Water Wars: To Be or Not To Be?

Water is predicted by many to be the reason for future conflicts. But are water wars really in our future? <em>SEED</em> magazine asks a panel of experts.
May 15, 2009, 10am PDT | Nate Berg
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"Now, in UNESCO's third major World Water Development Report, released in March at the World Water Forum in Istanbul, the threat is again plainly stated: 'As climate change and adverse water impacts increase in politically charged areas, conflicts will likely intensify, requiring new and rapid adaptive security strategies.'

Not everyone, however, is convinced that 'water wars' are all they're chalked up to be. In a March 19 essay in Nature, Wendy Barnaby contends, 'Countries do not go to war over water, they solve their water shortages through trade and international agreements.'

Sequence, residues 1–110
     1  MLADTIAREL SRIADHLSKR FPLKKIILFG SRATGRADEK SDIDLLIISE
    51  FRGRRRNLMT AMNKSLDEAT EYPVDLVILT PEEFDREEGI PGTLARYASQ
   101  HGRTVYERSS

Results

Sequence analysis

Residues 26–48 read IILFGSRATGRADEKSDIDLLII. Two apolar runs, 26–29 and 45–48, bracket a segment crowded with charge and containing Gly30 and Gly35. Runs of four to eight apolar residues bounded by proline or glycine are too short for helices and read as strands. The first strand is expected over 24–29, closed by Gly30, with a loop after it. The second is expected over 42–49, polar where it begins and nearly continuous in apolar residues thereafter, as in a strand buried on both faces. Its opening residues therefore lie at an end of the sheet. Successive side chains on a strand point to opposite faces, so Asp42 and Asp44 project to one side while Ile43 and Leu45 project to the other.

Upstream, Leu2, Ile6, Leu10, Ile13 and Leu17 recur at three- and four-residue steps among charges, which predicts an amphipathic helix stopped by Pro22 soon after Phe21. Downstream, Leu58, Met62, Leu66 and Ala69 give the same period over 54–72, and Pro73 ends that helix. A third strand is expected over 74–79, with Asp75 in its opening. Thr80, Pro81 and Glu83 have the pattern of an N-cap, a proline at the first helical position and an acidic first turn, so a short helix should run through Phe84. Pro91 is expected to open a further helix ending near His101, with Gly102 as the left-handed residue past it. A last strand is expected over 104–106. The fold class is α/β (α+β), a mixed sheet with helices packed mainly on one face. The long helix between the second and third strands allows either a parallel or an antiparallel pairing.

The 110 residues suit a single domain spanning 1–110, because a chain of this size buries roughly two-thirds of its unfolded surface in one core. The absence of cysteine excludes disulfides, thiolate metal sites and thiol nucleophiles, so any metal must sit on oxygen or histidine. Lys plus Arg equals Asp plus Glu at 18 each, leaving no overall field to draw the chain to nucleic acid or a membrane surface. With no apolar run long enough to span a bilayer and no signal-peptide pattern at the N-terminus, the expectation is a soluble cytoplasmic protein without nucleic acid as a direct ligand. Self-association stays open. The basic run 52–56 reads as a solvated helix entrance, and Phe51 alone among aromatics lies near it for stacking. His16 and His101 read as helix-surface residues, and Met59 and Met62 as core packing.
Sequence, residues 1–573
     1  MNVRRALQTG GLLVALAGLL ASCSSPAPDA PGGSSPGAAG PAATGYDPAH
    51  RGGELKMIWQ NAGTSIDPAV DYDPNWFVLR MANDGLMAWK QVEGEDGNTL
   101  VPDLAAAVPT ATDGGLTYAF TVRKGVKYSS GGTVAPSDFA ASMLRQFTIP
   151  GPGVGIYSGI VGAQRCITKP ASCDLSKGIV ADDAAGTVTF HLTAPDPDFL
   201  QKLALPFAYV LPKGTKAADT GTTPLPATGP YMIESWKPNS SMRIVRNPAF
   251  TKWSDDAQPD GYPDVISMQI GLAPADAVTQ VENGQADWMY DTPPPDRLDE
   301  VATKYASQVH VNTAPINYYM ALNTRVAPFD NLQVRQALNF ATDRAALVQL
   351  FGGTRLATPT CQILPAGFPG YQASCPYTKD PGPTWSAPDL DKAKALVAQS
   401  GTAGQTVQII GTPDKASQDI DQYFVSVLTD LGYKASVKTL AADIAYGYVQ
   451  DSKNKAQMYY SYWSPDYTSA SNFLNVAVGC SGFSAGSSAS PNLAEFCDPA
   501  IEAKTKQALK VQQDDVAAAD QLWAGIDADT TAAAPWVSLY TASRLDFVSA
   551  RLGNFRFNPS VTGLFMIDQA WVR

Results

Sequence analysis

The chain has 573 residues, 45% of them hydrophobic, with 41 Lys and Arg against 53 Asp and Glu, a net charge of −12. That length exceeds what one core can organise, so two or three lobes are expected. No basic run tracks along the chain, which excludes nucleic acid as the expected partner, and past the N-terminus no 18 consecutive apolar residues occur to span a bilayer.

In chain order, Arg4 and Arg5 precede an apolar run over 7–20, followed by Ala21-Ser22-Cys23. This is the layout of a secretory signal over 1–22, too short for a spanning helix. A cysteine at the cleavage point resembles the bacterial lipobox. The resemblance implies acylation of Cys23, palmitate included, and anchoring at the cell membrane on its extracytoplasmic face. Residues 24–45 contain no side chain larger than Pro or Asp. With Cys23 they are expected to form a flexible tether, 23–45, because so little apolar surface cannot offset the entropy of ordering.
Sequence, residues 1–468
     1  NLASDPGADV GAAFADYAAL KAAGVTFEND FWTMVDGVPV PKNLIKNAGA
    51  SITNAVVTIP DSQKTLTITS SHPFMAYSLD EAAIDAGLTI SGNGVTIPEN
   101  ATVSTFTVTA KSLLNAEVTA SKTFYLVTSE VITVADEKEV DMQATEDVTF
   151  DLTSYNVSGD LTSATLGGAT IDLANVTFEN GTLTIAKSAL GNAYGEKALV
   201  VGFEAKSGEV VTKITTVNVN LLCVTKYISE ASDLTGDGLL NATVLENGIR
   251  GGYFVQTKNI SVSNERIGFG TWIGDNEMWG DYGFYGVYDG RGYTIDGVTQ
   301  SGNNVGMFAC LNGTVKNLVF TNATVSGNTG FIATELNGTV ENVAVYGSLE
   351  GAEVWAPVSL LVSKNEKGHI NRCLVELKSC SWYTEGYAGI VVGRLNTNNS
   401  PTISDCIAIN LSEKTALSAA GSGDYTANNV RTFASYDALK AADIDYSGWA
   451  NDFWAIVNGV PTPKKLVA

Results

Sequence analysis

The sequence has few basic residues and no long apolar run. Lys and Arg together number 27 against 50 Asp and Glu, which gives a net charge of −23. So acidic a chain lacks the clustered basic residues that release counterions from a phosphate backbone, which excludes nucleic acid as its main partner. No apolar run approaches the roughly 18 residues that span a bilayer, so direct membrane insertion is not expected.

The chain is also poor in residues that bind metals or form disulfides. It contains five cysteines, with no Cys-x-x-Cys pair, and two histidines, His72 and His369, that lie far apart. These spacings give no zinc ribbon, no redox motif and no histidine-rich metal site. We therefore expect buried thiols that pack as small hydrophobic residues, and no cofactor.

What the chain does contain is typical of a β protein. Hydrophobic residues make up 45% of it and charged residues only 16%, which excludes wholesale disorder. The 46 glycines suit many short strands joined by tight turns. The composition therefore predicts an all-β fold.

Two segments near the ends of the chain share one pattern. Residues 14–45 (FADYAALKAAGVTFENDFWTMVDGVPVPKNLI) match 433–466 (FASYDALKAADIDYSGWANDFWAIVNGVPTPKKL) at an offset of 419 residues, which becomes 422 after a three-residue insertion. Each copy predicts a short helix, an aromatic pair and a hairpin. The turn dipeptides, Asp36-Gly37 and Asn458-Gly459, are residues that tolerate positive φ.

According to Barnaby, global trade in 'virtual water'-the water embedded in food products-allows arid countries like those in the Middle East to meet their water requirements without resorting to conflict."

"...As senior government officials convene later this year for World Water Week in Stockholm, how should they be approaching the issue of 'water wars'? Are they an imminent threat or, as Barnaby suggests, a fabrication unsupported by the facts and perpetuated by the media?"

Seed Magazine asks the experts:

* Mark Zeitoun, environmental engineer
* David Hatton, Australia's "water czar"
* Fred Pearce, environmental journalist
* Tobias Siegfried, environmental physicist and international relations scholar
* Michael E. Campana, hydrogeologist
* Sandra Postel, water analyst and author
* Peter Gleick, scientist and global water security expert

Full Story:
Published on Thursday, May 14, 2009 in Seed
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